Charleston, W.Va. Jessica Lynch is trying to work it all out.
A year after the Army supply clerk's wounding and rescue made her the Iraq war's most famous soldier, she grapples with questions both personal (When should I go to college? When should I get married?) and philosophical (Why did I survive when others didn't?).
"I mean, obviously, there has to be a reason," the 20-year-old Lynch told The Associated Press. "I don't know what it is yet. So I have to explore all these things to figure it out."
Lynch's search is in many ways typical for a young American still a few weeks shy of the drinking age. It is the fame that is unusual -- the crowds of well-wishers drawn to her everywhere she goes, whether at the diner near her Palestine home or at the Golden Globe Awards in Beverly Hills.
"I'm just a country girl. It's something I'm not used to, and I probably never will be," she said. "I do want my life back to normal, because it's hard. It's so hard. But at the same time I'm like, wow, I get to go to New York, I get to go to Hollywood. I get to hang out with people like Britney and Leonardo."
Lynch has made a few appearances since last year's book tour for Rick Bragg's biography, "I Am a Soldier, Too." The former POW won an award from Glamour magazine (where she met Spears); rode in the Gator Bowl parade; starred at Gov. Bob Wise's State of the State speech; hung out at parties after the Golden Globes (where she met DiCaprio); and took a three-day jaunt to the Bahamas after christening a cruise ship.
This month, Lynch will do the first of four events for Get Motivated, a company that hires figures such as Rudolph Giuliani and Mikhail Gorbachev to speak at business seminars. Her message will be: "If I can do it, you can."
"I was put in one of the worst situations there is out there. So if you're having problems with your boyfriend or whatever, you can get through it," she said. She added with a laugh: "I get nervous when I'm in a large group of people. I don't know how that'll work out."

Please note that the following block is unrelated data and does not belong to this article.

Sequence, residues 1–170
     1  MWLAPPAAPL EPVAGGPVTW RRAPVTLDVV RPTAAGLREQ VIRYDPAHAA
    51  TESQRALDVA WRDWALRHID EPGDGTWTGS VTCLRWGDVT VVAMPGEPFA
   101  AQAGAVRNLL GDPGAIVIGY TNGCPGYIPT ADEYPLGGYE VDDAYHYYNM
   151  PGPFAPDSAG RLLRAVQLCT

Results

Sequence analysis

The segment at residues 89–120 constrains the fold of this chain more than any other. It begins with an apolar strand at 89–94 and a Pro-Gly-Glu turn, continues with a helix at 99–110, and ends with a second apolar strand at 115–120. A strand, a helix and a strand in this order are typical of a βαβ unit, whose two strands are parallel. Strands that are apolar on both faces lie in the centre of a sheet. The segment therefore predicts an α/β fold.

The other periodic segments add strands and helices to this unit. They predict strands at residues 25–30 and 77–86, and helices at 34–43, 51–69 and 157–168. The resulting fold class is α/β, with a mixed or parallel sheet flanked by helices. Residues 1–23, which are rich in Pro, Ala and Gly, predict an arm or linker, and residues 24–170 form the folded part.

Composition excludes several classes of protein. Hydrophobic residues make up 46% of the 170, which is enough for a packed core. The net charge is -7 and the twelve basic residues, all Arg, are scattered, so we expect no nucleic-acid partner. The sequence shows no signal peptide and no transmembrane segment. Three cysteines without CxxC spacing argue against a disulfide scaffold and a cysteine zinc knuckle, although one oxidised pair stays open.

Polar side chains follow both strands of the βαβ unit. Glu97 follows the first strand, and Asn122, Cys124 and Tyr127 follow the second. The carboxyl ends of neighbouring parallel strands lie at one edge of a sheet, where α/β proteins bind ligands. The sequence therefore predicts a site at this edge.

Lynch's crisis began March 23, 2003, when her 507th Maintenance Company got lost in the Iraqi desert and was ambushed in Nasiriyah.
With her vehicle stalled and her rifle jammed, Pfc. Lynch hopped into a Humvee driven by her best friend, Pfc. Lori Piestewa. The vehicle was hit by a rocket-propelled grenade and crashed. The 11 American soldiers killed in the ambush included Piestewa and three others in the Humvee: 1st Sgt. Robert Dowdy, Sgt. George Buggs and Spc. Edward Anguiano.
Lynch suffered two spinal fractures, nerve damage and a shattered right arm, right foot and left leg. According to medical records cited in her biography, she was also sodomized, apparently during a three-hour gap she cannot recall.
Her videotaped rescue from a Nasiriyah hospital by U.S. commandos April 1 made Lynch a hero.
It also stirred complaints of media manipulation by the U.S. government. Early reports -- not from Lynch or her family, and later disproved -- had Lynch suffering knife and bullet wounds while fighting off attackers until running out of ammunition.
Lynch agreed to the AP interview on condition that she not be asked about her Iraq ordeal. She repeated her charge that she felt "kind of used" by officials who spread false stories about her. But she declined to discuss the politics of the Iraq war.
Still a patient
Still hobbled and using a cane, Lynch spends several hours a day in rehabilitation therapy. Nerve damage has left her unable to feel her left foot, though doctors hope she will regain its full use. The Army awarded her a medical retirement and an 80 percent disability pension.
"They say a millimeter a day the nerves grow" from where her back was damaged, she said. "They're giving me another year. After that, it might not be looking so good. But there's still hope."
One of the reasons for her survival, as she sees it, has been to allow her to tell her story to the families of the four soldiers who died next to her.
She created a foundation with proceeds from her $1 million book deal. The Jessica Lynch Foundation's goal is to educate children of veterans.
Last month Lynch postponed her June wedding to Sgt. Ruben Contreras, whom she began dating two years ago when they were stationed at Fort Bliss in Texas. She would not discuss details but said they planned to wed next year.
Eventually, Lynch said, she will go to college to work toward her goal of teaching kindergarten. Her face lights up whenever she discusses the job, or children.
Lynch is uncertain whether her wounds will prevent her from starting her own family.
"I do have a lot of problems with everything inside, so I don't know if that'll affect it or not. I hope not, because I'd love to have children," she said.